Throughout 17 NFL seasons, Tony Gonzalez established himself as arguably the greatest tight end to ever play the game. He possessed the perfect blend of athleticism and durability, with an uncanny knack for hauling in virtually any pass coming his way. In 2019, Gonzalez’s career achievements even landed made him a first-ballot Hall of Famer.
Yet as impressive as Gonzalez’s resume is, it lacks a distinguishing feature of a top-tier player: a Super Bowl win. To this day, critics still highlight it as the only missing piece in Gonzalez’s career. Let’s look at the tight end’s greatest accomplishments, his postseason record, and what he has to say about his lack of a Super Bowl ring.
A tight end for the ages
The Kansas City Chiefs drafted Gonzalez with the 13th pick of the 1997 NFL Draft. He steadily improved in his first two seasons in the league, before notching his first Pro Bowl and First-team All-Pro selections in 1999. He repeated that feat in each of the two following seasons. In 2000, he racked up a then career-best 1,203 yards on 93 receptions.
By his final year in 2013, Gonzalez had secured a total of 14 Pro Bowl appearances, six First-team All-Pro, and four Second-team All-Pro selections. Statistically, he had his best season in 2004, catching 102 receptions for 1,258 yards — both career highs. After twelve seasons, the Chiefs traded Gonzalez to the Atlanta Falcons, where he continued to put up productive numbers until retiring in 2013.
Gonzalez redefined what was possible for a tight end in the NFL. He set countless franchise records with the Chiefs, and also dominates the NFL record books at his position, leading all tight ends in career receptions, receiving yards, and 100-yard games. Even more impressive, he ranks third all-time in career receptions among all players, trailing only Jerry Rice and Larry Fitzgerald.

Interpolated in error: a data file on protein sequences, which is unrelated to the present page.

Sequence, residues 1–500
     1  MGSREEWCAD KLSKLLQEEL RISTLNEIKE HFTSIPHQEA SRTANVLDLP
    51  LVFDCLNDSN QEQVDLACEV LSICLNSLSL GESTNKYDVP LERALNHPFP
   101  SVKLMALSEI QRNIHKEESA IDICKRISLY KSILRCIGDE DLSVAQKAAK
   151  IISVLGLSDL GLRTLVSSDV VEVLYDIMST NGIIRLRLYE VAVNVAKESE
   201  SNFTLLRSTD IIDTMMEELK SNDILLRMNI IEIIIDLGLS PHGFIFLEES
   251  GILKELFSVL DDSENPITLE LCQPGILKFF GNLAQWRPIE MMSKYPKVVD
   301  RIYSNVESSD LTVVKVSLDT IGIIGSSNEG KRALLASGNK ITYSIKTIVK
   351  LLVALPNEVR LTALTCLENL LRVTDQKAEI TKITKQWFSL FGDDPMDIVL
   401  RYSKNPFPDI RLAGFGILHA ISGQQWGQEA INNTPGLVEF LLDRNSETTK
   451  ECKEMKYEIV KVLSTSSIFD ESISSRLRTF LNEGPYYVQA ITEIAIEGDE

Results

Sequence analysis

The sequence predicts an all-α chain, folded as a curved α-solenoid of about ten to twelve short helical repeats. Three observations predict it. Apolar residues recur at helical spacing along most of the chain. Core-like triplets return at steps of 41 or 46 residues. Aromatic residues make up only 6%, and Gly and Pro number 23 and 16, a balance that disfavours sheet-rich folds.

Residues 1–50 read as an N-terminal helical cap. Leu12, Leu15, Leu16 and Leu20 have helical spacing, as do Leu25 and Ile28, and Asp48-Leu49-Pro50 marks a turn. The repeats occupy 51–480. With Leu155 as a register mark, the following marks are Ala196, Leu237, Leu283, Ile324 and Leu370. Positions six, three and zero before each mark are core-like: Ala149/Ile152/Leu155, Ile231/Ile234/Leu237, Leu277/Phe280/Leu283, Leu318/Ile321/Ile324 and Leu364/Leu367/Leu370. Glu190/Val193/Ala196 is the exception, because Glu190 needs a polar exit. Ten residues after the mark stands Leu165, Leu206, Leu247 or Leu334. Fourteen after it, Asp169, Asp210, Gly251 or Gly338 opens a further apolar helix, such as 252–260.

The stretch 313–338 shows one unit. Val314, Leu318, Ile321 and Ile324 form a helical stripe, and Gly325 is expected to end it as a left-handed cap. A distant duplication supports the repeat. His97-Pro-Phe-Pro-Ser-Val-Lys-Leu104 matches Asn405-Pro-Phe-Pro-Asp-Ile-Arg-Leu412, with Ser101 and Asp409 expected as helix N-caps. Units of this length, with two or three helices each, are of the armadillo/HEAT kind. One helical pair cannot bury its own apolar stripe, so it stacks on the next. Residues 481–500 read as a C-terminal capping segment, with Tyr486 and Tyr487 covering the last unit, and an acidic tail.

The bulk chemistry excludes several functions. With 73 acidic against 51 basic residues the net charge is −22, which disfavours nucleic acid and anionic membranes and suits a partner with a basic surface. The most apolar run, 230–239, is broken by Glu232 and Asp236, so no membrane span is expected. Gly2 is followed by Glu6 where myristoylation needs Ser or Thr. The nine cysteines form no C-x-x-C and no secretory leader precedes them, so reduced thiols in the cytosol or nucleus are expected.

Tony Gonzalez’s postseason career
Gonzalez was dogged by a lack of playoff success. To be fair, he didn’t get that many chances. In his 12 seasons in Kansas City, Gonzalez’s Chiefs teams made it to the playoffs just three times. In his rookie year, the Chiefs faced off against John Elway’s Denver Broncos in the Divisional Round, losing 10-14. Gonzalez caught three of seven pass attempts for 26 yards, including one touchdown.
The Chiefs didn’t make the playoffs again until 2003, losing the Divisional Round to the Indianapolis Colts, 31-38. Gonzalez caught all four of his passes for 55 total yards. In 2007, the Chiefs faced the Colts again, this time in a Wild Card game which Indianapolis won, 23-8. Gonzalez caught four of eight passes for 25 yards, with one touchdown.
Gonzalez also made it to the playoffs three times with the Falcons. Atlanta lost the Divisional Round in 2010, and then the Wild Card in 2011. Then, in 2012, the Falcons secured a 30-28 Divisional Round win over the Seattle Seahawks, reports CBS Sports. In that game, he caught six of seven pass attempts, for 51 yards and one touchdown. In the next round, the Falcons then lost the NFL Championship against the San Francisco 49ers.
Tony Gonzalez’s response to critics
The Falcons’ Divisional Round victory over the Seahawks was Gonzalez’s only playoff win. His total postseason record stands at 1-6. While he did manage to dodge a bullet by coming away with at least one win, he never managed to make a Super Bowl appearance, let alone win one.
Gonzalez was apparently thinking a lot about that failure during his final season in 2013. In an interview that year with Sports Illustrated, Gonzalez opened up about his lack of a championship ring, saying:
“There is no way that should define me as a player, and nobody can ever tell me differently. If, down the road, someone says about me, Well, he never won the big one — he never won the Super Bowl, I will say to them, Screw you. Just screw you. You don’t understand the game. You don’t understand me. I will absolutely not allow anyone to let my career be denigrated because of that.”